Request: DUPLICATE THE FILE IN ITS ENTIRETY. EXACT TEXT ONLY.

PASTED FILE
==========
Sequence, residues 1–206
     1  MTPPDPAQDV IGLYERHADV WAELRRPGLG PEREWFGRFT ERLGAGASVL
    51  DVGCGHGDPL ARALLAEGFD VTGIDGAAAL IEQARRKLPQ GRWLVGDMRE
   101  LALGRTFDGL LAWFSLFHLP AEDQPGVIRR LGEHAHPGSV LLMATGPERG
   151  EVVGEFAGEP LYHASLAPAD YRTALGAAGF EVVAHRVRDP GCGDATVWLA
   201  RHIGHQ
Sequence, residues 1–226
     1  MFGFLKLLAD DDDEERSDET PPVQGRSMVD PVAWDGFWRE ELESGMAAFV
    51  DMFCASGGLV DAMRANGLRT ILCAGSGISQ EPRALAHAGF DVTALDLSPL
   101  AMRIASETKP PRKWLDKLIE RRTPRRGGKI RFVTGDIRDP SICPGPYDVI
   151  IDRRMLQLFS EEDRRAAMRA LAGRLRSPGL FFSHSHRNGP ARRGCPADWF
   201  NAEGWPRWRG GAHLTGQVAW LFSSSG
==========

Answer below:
Sequence, residues 1–206
     1  MTPPDPAQDV IGLYERHADV WAELRRPGLG PEREWFGRFT ERLGAGASVL
    51  DVGCGHGDPL ARALLAEGFD VTGIDGAAAL IEQARRKLPQ GRWLVGDMRE
   101  LALGRTFDGL LAWFSLFHLP AEDQPGVIRR LGEHAHPGSV LLMATGPERG
   151  EVVGEFAGEP LYHASLAPAD YRTALGAAGF EVVAHRVRDP GCGDATVWLA
   201  RHIGHQ
Sequence, residues 1–226
     1  MFGFLKLLAD DDDEERSDET PPVQGRSMVD PVAWDGFWRE ELESGMAAFV
    51  DMFCASGGLV DAMRANGLRT ILCAGSGISQ EPRALAHAGF DVTALDLSPL
   101  AMRIASETKP PRKWLDKLIE RRTPRRGGKI RFVTGDIRDP SICPGPYDVI
   151  IDRRMLQLFS EEDRRAAMRA LAGRLRSPGL FFSHSHRNGP ARRGCPADWF
   201  NAEGWPRWRG GAHLTGQVAW LFSSSG